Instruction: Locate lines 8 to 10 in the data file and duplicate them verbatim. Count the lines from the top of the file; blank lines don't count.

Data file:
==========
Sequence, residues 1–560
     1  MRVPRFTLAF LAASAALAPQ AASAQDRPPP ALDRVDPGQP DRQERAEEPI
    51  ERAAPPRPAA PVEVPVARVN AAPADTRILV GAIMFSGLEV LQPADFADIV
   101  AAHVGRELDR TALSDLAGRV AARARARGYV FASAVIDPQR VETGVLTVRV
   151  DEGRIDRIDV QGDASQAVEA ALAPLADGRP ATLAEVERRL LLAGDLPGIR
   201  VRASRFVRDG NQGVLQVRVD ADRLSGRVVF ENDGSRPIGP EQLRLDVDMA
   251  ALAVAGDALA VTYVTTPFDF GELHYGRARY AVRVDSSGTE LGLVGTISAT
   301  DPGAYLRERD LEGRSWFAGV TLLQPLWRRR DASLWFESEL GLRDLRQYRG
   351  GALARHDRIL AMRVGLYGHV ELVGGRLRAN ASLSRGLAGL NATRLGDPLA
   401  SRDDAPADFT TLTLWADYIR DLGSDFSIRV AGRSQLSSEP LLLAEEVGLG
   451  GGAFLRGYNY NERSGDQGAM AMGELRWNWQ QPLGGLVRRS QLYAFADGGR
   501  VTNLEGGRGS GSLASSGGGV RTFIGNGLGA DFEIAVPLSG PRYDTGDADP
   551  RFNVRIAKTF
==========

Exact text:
   301  DPGAYLRERD LEGRSWFAGV TLLQPLWRRR DASLWFESEL GLRDLRQYRG
   351  GALARHDRIL AMRVGLYGHV ELVGGRLRAN ASLSRGLAGL NATRLGDPLA
   401  SRDDAPADFT TLTLWADYIR DLGSDFSIRV AGRSQLSSEP LLLAEEVGLG